Bill Hammons: Writing and Running in Boulder, Colorado






BILL HAMMONS' GUIDE TO COLORADO FOURTEENERS

Missouri Mountain, Colorado

Missouri Mountain's Elevation: 14,067 Feet

Missouri Mountain's Rank Among Colorado's Fourteeners in Terms of Elevation: #36

Missouri Mountain is located in the Sawatch Range

Missouri Mountain is considered walkable

Best months for climbing Missouri Mountain are June through September

Click here for a Mapquest map of Missouri Mountain



Missouri Mountain, with an elevation of 14,067 feet, is the 36th highest peak in the state of Colorado. This Fourteener, which is usually climbed from the Missouri Gulch, is considered a more difficult climb that neighboring Mounts Belford and Oxford, due to steep, loose dirt and scree. It's possible to climb all three peaks in the same hike, but that makes for a full day (and perhaps then some).

To reach the Missouri Gulch trailhead, head south 20 miles along US 24 from Leadville to CR 390. Take 390 west for 7.7 miles, until you reach a large parking lot and the Vicksburg trailhead. After passing an old log cabin after a mile you'll rise above the treeline and enter the Missouri Gulch. A bit further after that, take a right at the Belford/Missouri fork in the trail (the right fork is signed for Missouri). When the trail turns east towards Elkhead Pass, look for a cairn which will indicate where to exit the trail and work your way up the grassy slope to the right (it should be a fairly easy climb; otherwise, you exited the Missouri Gulch trail too early or too late). The Missouri Gulch/Northwest Ridge route is mostly easy hiking, but you'll cross some loose scree and exposure near the summit, along the ridge.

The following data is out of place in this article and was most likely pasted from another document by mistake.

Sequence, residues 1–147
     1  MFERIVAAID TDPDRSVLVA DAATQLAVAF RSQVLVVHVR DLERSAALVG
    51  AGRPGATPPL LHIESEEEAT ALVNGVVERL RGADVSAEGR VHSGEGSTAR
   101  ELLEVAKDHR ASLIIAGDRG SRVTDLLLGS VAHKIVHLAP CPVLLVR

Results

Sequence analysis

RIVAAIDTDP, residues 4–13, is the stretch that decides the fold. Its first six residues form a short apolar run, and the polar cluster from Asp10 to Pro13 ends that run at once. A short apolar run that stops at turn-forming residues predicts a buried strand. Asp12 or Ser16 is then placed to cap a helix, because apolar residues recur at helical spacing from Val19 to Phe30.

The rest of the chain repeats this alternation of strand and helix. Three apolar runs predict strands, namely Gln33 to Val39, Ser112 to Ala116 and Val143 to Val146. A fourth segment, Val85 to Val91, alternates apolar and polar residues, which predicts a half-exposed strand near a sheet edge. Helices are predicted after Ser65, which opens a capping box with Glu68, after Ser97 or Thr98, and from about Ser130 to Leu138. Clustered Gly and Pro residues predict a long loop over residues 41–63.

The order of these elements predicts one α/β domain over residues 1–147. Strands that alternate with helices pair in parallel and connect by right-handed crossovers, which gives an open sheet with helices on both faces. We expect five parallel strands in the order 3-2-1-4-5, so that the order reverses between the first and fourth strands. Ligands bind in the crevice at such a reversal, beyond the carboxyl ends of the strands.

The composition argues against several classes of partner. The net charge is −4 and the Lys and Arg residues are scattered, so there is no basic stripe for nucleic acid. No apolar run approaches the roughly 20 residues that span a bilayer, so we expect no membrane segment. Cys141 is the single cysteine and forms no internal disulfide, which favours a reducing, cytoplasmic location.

The descent (which is the same as your ascent) is down a steep scree field described as "fun" (decide for yourself).



Sources: peakware.com, summitpost.org, Dawson's Guide to Colorado's Fourteeners, Volume I: The Northern Peaks



This page last updated 8/15/06



































































































































































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